atypical hyperplasia or lobular carcinoma in situ are associated with a higher risk of getting breast cancer.

Family history of breast cancer. A woman’s risk for breast cancer is higher if she has a mother, sister, or
daughter (first-degree relative) or multiple family members on either her mother’s or father’s side of the
family who have had breast cancer. Having a first-degree male relative with breast cancer also raises a
woman’s risk.

Previous treatment using radiation therapy. Women who had radiation therapy to the chest or breasts
(like for treatment of Hodgkin’s lymphoma) before age 30 have a higher risk of getting breast cancer later
in life.

Women who took the drug diethylstilbestrol (DES), which was given to some pregnant women in the
United States between 1940 and 1971 to prevent miscarriage, have a higher risk. Women whose
mothers took DES while pregnant with them are also at risk.

Risk Factors You Can Change

Not being physically active. Women who are not physically active have a higher risk of getting breast

Being overweight or obese after menopause. Older women who are overweight or obese have a higher
risk of getting breast cancer than those at a normal weight.

Taking hormones. Some forms of hormone replacement therapy (those that include both estrogen and
progesterone) taken during menopause can raise risk for breast cancer when taken for more than five
years. Certain oral contraceptives (birth control pills) also have been found to raise breast cancer risk.

Reproductive history. Having the first pregnancy after age 30, not breastfeeding, and never having a full-
term pregnancy can raise breast cancer risk.

Drinking alcohol. Studies show that a woman’s risk for breast cancer increases with the more alcohol she

Research suggests that other factors such as smoking, being exposed to chemicals that can cause cancer,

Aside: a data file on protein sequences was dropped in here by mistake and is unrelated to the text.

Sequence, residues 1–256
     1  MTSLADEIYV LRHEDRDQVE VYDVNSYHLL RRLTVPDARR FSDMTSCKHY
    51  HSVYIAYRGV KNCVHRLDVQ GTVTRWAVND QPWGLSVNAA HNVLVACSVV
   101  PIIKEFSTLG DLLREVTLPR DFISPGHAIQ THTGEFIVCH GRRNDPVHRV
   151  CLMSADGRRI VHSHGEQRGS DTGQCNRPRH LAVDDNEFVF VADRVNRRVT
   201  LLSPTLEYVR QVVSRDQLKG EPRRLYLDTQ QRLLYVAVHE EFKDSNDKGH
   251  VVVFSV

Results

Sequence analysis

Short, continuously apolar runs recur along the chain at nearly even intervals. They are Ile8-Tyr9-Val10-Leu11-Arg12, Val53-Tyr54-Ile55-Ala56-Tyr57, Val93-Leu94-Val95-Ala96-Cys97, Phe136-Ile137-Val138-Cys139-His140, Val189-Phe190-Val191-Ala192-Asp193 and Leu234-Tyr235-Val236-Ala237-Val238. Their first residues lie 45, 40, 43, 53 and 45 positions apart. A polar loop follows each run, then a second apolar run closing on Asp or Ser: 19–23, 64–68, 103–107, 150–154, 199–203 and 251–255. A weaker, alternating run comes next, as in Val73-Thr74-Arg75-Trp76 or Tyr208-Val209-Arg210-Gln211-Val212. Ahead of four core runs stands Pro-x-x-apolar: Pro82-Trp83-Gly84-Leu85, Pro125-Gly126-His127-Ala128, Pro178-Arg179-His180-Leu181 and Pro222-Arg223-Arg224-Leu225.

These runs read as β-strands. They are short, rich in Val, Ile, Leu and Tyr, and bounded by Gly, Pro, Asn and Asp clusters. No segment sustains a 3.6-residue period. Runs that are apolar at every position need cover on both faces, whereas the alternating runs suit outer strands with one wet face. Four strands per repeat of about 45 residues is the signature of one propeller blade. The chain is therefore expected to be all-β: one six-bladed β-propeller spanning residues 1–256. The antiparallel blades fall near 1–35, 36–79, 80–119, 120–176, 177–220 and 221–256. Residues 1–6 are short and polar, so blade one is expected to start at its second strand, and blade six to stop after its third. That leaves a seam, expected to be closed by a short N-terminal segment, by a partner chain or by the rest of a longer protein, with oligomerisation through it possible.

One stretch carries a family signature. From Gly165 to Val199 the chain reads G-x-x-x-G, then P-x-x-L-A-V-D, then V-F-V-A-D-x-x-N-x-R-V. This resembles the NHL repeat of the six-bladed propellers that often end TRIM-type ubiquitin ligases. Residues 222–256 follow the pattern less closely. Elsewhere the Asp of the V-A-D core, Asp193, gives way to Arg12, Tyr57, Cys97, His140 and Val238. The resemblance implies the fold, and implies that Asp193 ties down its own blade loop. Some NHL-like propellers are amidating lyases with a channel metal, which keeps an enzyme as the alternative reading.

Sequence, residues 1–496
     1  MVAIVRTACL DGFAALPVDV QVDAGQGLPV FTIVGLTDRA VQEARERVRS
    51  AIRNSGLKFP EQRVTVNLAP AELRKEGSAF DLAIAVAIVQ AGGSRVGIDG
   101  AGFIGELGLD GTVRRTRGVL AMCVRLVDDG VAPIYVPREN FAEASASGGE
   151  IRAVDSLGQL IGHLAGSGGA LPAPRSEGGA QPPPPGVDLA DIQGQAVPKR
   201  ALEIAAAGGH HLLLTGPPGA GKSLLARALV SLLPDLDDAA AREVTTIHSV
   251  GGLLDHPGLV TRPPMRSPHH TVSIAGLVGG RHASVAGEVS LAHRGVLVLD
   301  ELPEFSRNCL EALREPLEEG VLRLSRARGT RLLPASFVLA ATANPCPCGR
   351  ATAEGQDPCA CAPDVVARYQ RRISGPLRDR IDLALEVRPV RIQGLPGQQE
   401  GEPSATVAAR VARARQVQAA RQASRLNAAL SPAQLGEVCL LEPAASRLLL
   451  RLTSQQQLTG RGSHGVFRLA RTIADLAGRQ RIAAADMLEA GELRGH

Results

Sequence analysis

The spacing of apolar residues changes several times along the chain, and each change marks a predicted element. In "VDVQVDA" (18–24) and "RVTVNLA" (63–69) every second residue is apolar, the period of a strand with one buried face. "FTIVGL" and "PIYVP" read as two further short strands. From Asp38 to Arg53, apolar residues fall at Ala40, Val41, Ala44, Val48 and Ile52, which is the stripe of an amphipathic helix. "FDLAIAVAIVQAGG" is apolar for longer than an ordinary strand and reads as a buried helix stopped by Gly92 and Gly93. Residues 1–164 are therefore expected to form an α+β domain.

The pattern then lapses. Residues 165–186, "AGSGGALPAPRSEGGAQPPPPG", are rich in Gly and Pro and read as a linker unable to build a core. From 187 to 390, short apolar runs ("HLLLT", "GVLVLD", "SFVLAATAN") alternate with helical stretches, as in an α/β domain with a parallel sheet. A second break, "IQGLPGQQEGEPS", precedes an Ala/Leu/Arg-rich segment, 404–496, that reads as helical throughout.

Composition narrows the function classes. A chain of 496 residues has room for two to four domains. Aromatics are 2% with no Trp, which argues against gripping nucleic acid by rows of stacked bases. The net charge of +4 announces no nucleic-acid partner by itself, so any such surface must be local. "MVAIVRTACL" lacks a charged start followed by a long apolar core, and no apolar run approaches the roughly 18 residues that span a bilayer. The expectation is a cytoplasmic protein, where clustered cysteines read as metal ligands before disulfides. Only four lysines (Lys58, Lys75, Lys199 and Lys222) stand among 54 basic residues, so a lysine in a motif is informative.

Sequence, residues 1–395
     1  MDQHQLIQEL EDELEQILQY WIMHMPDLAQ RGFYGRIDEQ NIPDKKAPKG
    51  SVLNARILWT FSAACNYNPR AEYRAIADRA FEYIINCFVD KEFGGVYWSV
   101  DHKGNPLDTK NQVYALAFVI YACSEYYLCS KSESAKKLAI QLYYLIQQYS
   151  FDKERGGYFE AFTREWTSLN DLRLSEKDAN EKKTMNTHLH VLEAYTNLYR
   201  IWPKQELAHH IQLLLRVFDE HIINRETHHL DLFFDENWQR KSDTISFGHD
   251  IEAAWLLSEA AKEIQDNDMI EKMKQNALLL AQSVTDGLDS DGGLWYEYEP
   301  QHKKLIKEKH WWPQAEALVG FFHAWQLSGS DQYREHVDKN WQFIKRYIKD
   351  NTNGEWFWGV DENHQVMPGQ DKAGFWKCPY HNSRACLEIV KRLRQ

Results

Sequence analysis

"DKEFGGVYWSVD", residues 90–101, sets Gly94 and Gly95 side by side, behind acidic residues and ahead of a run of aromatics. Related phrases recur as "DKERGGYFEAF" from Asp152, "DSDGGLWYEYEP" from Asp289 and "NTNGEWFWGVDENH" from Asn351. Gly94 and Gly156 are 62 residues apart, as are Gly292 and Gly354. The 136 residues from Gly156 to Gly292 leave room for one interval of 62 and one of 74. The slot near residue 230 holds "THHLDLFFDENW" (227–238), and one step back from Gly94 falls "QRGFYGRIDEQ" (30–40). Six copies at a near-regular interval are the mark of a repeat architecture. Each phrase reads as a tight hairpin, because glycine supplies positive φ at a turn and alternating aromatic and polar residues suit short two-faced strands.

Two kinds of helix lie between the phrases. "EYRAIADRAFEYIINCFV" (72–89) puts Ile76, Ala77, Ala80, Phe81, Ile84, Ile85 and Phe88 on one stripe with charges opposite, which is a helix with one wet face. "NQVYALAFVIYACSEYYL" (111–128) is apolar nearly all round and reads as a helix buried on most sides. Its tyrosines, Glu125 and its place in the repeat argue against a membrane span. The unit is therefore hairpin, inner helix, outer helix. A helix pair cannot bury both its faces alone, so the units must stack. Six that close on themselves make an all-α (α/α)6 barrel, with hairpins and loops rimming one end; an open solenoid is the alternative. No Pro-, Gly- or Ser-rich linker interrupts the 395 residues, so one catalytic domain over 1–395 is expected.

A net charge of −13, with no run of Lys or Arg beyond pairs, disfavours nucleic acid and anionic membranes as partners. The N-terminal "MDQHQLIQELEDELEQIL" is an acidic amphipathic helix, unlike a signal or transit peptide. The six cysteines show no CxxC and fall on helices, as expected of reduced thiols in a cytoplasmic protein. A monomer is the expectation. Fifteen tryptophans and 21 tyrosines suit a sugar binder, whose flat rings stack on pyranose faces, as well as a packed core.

and changes in other hormones due to night shift working also may increase breast cancer risk.


Doctors often use additional tests to find or diagnose breast cancer. They may refer women to a breast
specialist or a surgeon. This does not mean that she has cancer or that she needs surgery. These doctors
are experts in diagnosing breast problems.

Breast ultrasound. A machine that uses sound waves to make detailed pictures, called sonograms, of
areas inside the breast.

Diagnostic mammogram. If you have a problem in your breast, such as lumps, or if an area of the breast
looks abnormal on a screening mammogram, doctors may have you get a diagnostic mammogram. This
is a more detailed X-ray of the breast.

Magnetic resonance imaging (MRI). A kind of body scan that uses a magnet linked to a computer. The
MRI scan will make detailed pictures of areas inside the breast.

Biopsy. This is a test that removes tissue or fluid from the breast to be looked at under a microscope and
do more testing. There are different kinds of biopsies (for example, fine-needle aspiration, core biopsy, or
open biopsy).


If breast cancer is diagnosed, other tests are done to find out if cancer cells have spread within the
breast or to other parts of the body. This process is called staging. Whether the cancer is only in the
breast, is found in lymph nodes under your arm, or has spread outside the breast determines your stage
of breast cancer. The type and stage of breast cancer tells doctors what kind of treatment you need.

Breast cancer is treated in several ways. It depends on the kind of breast cancer and how far it has
spread. People with breast cancer often get more than one kind of treatment.

Surgery. An operation where doctors cut out cancer tissue.

Chemotherapy. Using special medicines to shrink or kill the cancer cells. The drugs can be pills you take
or medicines given in your veins, or sometimes both.

Hormonal therapy. Blocks cancer cells from getting the hormones they need to grow.

Biological therapy. Works with your body’s immune system to help it fight cancer cells or to control side
effects from other cancer treatments.

Radiation therapy. Using high-energy rays (similar to X-rays) to kill the cancer cells.

Doctors from different specialties often work together to treat breast cancer. Surgeons are doctors who
perform operations. Medical oncologists are doctors who treat cancer with medicine. Radiation
oncologists are doctors who treat cancer with radiation.